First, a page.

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GP’s indemnity fees doubled to over £1k after state-backed scheme launch



A GP has seen his indemnity premiums rise by almost £600 per month after it emerged his prison work may not be covered under the state-backed indemnity scheme.

The new NHS indemnity scheme for GPs in England, introduced from 1 April, covers claims for NHS work and means GPs no longer have to pay fees to a medical defence organisation for this area of activity.

GPs are expected to continue membership with their MDO for any other claims, including those related to private employment.

But despite expecting his MDO fees to reduce significantly – to £67 – because he was no longer paying for NHS cover, prison GP Dr Gerry Bulger instead saw his premiums for indemnity cover double, to more than £1,200 per month.

This was after he was forced to declare all his income from work in prisons as private to secure indemnity cover, because his MDO, the Medical Protection Society, could not confirm to him which exact prisons are left out of the state-backed scheme.

NHS Resolution, which runs the new scheme, and the BMA – which negotiated the indemnity deal – confirmed GPs providing NHS services under GMS, PMS and APMS contracts in prison in England are included, but those working under other contracts ‘may not necessarily be covered’.

The BMA said it was down to ‘individual GPs’ to ‘ensure they have appropriate cover in place’, but Dr Bulger said doctors have no way of telling which contracts prisons operate within – and similarly, the prisons he works for ‘have no idea either’.

Dr Bulger told Pulse: ‘Some GPs providing primary care services for NHS patients may not be covered after all by the new NHS indemnity scheme for GPs and not know it. They will have to fund their indemnity as “private” with their defence union, which is an expensive option.

‘If all my income from prisons had now to be called private, it rises to £1,253.14 a month. But [for] which prisons do I need to pay this premium?’

Before the Clinical Negligence Scheme for General Practice (CNSGP) came in on 1 April, Dr Bulger was paying around £650 per month to MPS for his prison work.

His fees then fell to £67 a month because he assumed he only had to pay the minimum cover for private work. However, Dr Bulger’s quoted premium then went on to almost double from the original price when he realised his prison work was at risk of not being included in the NHS package.

Dr Bulger added: ‘Doctors have no idea as to what internal NHS contract wording is so we have no idea if we are covered. The prisons I work for have no idea either.’

He argued people in prisons were receiving NHS services and that GPs providing that care should see all of that work included in the indemnity scheme.

He said: ‘These are all NHS patients in prisons getting NHS funded one way or another, getting primary care from GPs using the same NHS clinical system. It is a scandal, and no logic whatsoever, that some prisons are covered and others are not, depending on the contractual arrangements within the NHS.’

A BMA spokesperson confirmed: ‘GPs providing NHS services under GMS/PMS/APMS contracts in prison in England will be covered by the state indemnity scheme; those working under other contracts may not necessarily be covered.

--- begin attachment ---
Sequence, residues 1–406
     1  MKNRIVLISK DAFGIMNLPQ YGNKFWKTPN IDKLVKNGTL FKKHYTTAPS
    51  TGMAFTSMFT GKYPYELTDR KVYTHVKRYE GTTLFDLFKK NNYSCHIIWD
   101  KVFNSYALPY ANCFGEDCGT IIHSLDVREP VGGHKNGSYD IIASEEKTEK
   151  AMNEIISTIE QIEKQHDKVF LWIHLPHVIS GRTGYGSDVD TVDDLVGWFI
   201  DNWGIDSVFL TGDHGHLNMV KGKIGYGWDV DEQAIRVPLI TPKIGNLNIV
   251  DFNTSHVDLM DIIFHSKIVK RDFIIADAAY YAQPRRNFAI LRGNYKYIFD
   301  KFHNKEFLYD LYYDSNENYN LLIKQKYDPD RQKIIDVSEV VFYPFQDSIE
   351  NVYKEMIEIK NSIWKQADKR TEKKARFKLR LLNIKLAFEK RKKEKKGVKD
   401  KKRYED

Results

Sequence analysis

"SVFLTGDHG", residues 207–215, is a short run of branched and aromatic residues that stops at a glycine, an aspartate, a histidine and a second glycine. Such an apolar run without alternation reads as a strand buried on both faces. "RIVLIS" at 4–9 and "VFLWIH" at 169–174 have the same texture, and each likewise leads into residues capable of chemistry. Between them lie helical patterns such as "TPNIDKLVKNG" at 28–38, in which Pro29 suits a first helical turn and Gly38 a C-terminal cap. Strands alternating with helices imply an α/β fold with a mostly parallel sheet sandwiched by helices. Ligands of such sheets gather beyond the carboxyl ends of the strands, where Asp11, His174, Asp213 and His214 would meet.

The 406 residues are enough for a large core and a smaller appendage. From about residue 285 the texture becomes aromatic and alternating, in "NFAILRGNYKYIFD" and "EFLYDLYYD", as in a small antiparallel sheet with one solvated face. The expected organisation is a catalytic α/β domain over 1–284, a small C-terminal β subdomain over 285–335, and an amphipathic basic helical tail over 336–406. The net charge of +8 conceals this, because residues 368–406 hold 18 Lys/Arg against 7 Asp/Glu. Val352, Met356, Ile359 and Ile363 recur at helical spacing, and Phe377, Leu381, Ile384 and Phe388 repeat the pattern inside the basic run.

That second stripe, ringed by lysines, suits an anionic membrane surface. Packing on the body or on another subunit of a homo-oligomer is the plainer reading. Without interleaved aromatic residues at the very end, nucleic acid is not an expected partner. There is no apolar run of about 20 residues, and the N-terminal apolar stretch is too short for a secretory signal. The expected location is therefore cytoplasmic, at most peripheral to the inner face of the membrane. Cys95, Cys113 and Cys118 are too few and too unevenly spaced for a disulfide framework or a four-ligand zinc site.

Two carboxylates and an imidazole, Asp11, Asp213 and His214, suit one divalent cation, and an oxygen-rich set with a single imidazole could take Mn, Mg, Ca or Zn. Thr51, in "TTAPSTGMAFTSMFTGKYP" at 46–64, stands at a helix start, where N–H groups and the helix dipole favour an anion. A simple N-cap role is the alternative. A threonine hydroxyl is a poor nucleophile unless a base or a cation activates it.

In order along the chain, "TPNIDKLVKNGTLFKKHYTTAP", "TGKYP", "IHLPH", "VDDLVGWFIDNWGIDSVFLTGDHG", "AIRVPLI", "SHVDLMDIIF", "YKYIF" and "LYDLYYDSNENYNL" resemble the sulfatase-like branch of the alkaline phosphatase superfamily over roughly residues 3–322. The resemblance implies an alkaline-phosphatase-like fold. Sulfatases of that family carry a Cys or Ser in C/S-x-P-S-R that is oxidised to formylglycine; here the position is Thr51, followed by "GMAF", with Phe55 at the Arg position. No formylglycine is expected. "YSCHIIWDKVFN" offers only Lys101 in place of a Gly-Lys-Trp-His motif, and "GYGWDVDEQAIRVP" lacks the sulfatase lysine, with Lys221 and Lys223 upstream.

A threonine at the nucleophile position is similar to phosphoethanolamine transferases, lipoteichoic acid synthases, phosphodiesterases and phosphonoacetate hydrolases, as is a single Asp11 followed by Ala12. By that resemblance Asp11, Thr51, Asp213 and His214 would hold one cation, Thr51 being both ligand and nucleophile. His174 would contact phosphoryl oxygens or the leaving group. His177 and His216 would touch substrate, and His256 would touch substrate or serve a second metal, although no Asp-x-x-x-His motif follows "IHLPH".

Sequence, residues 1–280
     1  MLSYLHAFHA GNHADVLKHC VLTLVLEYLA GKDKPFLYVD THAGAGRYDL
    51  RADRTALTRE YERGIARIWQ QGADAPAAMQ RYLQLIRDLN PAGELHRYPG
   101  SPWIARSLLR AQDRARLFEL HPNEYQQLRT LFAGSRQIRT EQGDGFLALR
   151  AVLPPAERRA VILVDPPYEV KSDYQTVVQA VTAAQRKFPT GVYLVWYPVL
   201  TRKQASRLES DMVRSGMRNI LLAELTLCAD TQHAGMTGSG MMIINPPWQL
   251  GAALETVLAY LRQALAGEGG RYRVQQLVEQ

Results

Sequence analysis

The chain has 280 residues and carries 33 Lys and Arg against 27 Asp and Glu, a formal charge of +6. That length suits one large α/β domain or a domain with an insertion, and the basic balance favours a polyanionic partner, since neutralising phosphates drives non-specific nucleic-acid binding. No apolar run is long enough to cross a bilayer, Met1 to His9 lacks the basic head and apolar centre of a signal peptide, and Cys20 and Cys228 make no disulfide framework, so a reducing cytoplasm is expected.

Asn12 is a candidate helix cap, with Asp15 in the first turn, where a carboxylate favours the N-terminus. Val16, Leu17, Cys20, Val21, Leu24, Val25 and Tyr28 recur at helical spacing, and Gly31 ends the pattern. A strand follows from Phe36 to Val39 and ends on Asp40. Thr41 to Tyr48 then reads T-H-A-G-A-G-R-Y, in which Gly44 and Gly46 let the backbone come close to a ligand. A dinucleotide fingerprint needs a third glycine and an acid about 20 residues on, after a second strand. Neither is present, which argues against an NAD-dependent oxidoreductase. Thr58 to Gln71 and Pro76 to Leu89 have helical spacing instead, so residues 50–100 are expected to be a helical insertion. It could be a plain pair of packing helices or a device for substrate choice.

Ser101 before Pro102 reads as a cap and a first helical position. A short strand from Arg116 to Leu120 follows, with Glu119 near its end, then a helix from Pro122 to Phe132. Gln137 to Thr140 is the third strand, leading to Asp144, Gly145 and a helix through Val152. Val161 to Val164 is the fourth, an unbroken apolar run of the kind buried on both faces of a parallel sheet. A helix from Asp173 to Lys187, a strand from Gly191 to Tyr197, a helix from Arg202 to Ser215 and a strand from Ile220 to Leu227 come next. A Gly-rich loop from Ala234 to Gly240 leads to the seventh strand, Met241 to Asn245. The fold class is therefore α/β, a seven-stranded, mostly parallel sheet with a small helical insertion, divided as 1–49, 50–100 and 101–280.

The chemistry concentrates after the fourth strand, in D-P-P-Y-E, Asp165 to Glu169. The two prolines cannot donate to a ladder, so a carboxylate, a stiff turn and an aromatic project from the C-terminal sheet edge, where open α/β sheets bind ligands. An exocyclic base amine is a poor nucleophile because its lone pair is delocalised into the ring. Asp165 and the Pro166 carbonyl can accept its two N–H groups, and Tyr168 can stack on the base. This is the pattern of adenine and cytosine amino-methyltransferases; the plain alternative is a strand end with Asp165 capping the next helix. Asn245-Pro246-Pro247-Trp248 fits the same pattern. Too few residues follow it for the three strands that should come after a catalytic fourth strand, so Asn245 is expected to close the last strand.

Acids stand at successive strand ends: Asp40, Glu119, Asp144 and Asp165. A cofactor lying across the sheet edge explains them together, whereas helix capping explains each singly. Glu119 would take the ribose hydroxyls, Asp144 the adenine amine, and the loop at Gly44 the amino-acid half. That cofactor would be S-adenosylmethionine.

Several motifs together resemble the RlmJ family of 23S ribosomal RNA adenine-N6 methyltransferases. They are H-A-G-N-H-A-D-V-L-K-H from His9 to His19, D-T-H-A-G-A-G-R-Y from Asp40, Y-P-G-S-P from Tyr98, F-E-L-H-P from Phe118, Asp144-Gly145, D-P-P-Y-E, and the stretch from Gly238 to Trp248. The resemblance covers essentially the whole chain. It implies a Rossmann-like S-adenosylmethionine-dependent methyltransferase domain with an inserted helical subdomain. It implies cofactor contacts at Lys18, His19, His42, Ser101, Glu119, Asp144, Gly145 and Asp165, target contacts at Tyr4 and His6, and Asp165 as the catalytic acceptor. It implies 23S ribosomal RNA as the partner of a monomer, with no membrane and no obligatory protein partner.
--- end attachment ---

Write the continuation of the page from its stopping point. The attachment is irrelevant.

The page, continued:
‘Individual GPs need to ensure they have appropriate cover in place. Some GPs may need to continue to purchase their own cover. The BMA has been clear in our advice on this from the outset.’

According to NHS Resolution guidance, which highlights activities covered by the CNSGP, GP work in secure environments that are ‘delivered under the GMS, PMS or APMS contract or subcontract are covered’.

An NHS Resolution spokesperson added: ‘GPs providing their services in a secure environment where NHS England does not commission primary medical services under a primary care contract, as defined above, will not be covered under CNSGP for any clinical negligence liability that arises after 1 April 2019. In this case, they will need to obtain cover from an MDO or other indemnity providers.’

MPS medical director Dr Rob Hendry said: ‘Medical Protection Society urges members to contact the member services team directly so that we can better understand their past and current subscription needs. 

‘If the member has paid for claims protection for prison work but they have since found out that their prison contract is covered under CNSGP, then Medical Protection Society can adjust their membership accordingly and we would provide them with a refund.

‘Prisons are a complex environment to practise medicine in and it is well recognised that prisoners are a vulnerable patient group. Not only do they suffer from higher rates of mental and physical health problems compared with the general population, but the nature of their detained status presents a unique range of challenges. It is important that doctors working in prisons ensure they are adequately indemnified.’

NHS England has been approached for comment.

This comes as recent guidance stated GPs who have clinical negligence claims made against them could see their information passed on to the GMC or NHS England, which was not required before the state-backed scheme came in.

Previously in March, it was revealed that GP indemnity claims would be under the ‘discretion’ of NHS Resolution on behalf of the health secretary.